The Angry Corrie 4: Nov-Dec 1991

Always a little fervour (books review)

In much the same way that Premier Division football clubs now bring out a slightly amended version of their away strip at the start of each season, thus plunging the most loyal fans into the dilemma of whether to blow a fair whack of hard-earned dosh on something they have virtually got already, so it now seems de rigueur for a new but not very original guidebook to the Munros to appear on the nation's coffee-tables every twelve months or so. The latest edition is the most mean-minded yet - a work so dire in conception and of such bland execution to have caused all previous efforts to momentarily shine like stars in the firmament. It has also induced in David McVey a paroxysm of nostalgia for the good old days, when books all had dustwrappers, coffee-tables were made of teak and Munros were just plain, anonymous hills...

On Saturdays the Glasgow Herald used to feature short pieces of writing about Scotland's hills and countryside, usually by Tom Weir or Hamish Brown. They were minor but enjoyable, filled with a love of the hills, wildlife, flora and the peace of the quiet places.

Now, sandwiched between the reviews of biographies of Ukrainian post-modernist poets and the dung-filled gardening column, you'll find the modern-day successor to these features: the Munro diary, based on Cameron McNeish's Munro Almanac. Each weekend there's a terse, telegrammatic series of instructions on how to climb a particular Munro, written rather like the directions for assembling an Airfix Spitfire. It has all the literary merit (and is perhaps the middle-class equivalent) of a kiddies' Jason Donovan factfile. Hillwalking journalism and publishing has hit a new low.

Ironically, it was Hamish Brown who started it all: Hamish's Mountain Walk is a zestful piece of writing encapsulating a lifetime in the hills, rather than just the three months of his Munro Marathon, in its fine evocation of wildest Scotland. But this splendid piece of writing boosted the Munro habit more than the activities of Munro himself. The number of hillgoers increased, their average IQ decreased, and the books written for them reflected this. Titles like The Hillwalker's Guide to Scotland and The Best Hillwalking in Scotland concealed coffee-table potboilers whose coverage scarcely justified their titles. And so to McNeish's book, even duller than Richard Gilbert's Memorable Munros of some years before. These books are aimed at the Saturday hillwalking accountants you see in Arrochar laybys each weekend; they tear off #150 trainers and replace them with enormous Zamberlans, Phil Collins or some other yuppie-rock blaring on the car stereo. They disappear, only to reappear six hours later, re-don the Nikes, and drive off in a blur of gravel, baldy Phil crooning again. They have acquired nothing of local history or culture, contributed nothing to the fragile Highland economy, and could tell you nothing of the landscape, animals or plants in the area. Ten years ago they'd have played squash instead.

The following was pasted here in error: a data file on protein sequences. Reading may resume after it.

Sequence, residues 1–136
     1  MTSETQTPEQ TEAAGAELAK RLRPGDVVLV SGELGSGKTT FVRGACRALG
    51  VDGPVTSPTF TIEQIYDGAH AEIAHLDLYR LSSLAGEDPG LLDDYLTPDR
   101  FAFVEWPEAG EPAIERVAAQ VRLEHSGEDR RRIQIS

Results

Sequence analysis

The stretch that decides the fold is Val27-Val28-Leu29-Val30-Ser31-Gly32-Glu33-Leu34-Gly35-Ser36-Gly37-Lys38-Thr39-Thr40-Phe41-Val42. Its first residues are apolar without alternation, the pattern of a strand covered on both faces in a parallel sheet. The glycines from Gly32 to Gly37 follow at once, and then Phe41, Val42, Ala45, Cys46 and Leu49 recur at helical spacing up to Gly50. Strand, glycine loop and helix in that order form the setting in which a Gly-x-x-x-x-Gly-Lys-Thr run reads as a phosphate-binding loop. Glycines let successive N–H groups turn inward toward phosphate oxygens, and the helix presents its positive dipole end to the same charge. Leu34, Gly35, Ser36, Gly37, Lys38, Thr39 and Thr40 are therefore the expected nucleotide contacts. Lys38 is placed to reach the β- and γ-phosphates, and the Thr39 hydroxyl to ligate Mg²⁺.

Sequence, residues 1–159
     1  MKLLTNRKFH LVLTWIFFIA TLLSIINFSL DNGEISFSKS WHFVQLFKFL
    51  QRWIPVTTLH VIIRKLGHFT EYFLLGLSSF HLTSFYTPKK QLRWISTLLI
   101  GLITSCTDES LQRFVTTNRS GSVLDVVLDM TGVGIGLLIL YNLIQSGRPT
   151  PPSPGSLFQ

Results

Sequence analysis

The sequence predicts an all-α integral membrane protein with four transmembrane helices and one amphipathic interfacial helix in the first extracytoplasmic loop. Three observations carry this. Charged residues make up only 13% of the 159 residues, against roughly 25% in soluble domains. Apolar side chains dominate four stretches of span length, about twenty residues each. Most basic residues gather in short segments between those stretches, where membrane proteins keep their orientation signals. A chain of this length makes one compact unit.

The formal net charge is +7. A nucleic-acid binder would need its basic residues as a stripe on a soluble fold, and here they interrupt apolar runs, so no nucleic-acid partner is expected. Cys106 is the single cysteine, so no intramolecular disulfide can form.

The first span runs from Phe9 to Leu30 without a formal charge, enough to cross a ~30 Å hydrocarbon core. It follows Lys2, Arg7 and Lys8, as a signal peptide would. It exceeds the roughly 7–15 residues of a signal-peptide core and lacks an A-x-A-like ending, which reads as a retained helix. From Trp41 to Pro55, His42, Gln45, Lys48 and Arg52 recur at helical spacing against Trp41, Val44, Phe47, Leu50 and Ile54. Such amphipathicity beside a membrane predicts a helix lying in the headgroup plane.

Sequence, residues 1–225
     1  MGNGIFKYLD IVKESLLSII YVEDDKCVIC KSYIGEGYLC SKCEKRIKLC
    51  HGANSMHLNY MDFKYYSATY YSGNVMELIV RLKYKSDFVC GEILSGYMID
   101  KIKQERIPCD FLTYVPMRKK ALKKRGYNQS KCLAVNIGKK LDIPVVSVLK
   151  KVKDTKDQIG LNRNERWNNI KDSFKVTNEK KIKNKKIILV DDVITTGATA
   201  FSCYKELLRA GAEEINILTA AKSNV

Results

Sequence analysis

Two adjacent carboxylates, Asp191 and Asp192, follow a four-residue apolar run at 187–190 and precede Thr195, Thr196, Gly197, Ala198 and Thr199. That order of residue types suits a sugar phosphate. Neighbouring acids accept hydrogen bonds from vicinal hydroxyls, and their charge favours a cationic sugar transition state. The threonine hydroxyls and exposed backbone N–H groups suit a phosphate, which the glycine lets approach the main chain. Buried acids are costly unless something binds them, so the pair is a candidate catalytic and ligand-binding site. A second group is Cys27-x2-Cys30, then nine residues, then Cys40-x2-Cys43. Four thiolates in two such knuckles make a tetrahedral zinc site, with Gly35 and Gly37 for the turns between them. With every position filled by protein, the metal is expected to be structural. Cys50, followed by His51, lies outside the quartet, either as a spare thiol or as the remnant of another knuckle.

OK. So the real hill-lover doesn't crunch to the foot of hills in a BMW, and runs the greatest risk of exposure when waiting for the last Glasgow train from Bridge of Orchy on a wet October night. What can be done to feed his or her head in the way of Scottish mountain literature? Works currently in print don't offer much hope, other than Brown's classic. Plodding statistics and step-by-step instructions are in, not passion or fervour for the wild places. Craig Caldwell's Climb Every Mountain is likeable, well intentioned, but poorly written; Martin Moran (The Munros in Winter) is a White Settler who sells mountaineering instead of pottery; and Irvine Butterfield (The High Mountains) is irritatingly macho in decrying any hill without a Cuillin-style profile. (He even describes some of the CAIRNGORMS as dull! People this unimaginative deserve a good kicking and a prize holiday of fourteen January nights at lnshriach Bothy.)

Fortunately, Alistair Borthwick's Always a Little Further is still in print, the only just fate for a classic account of working-class Glasgow hillwalkers and climbers in the 30's. Colourful characters and comic incidents mingle with accounts of squalid journeys, If you are irritated by the overpriced inessential hillwalking gear we are conned into purchasing, the simplicity of this book and its characters is for you. Tom Weir's Highland Days documents the same era and is worth a read too.

You'll have to dig a bit in secondhand shops or libraries to find anything by Campbell Steven, but his stuff is well worth searching out. The Story of Scotland's Hills is a fascinating record of man's varied association with our hills down the ages. Enjoying Scotland is a delightful series of off-beat expeditions in the hills (e.g. across Rannoch Moor by boat, langlauf from the Dee to the Feshie). And anything by W.H. Murray is worth a read.

Don't forget fiction. Pity the Scottish walker who hasn't ever read Kidnapped, Weir of Hermiston, Waverley, The Thirty-nine Steps or Witch Wood (Or Ice Station Zebra - literary-minded Ed.)

In short, next time you see a book along the lines of The Good Crocheting Guide to Family Walks by Roger and Sally Arnjersey, boycott any shops which sells it. Hopefully, the trendy outdoor activity of the future will be rottweiler-baiting in hang-gliders, or something like that. Then we can all get back to enjoying peace and quiet.

TAC 4 Index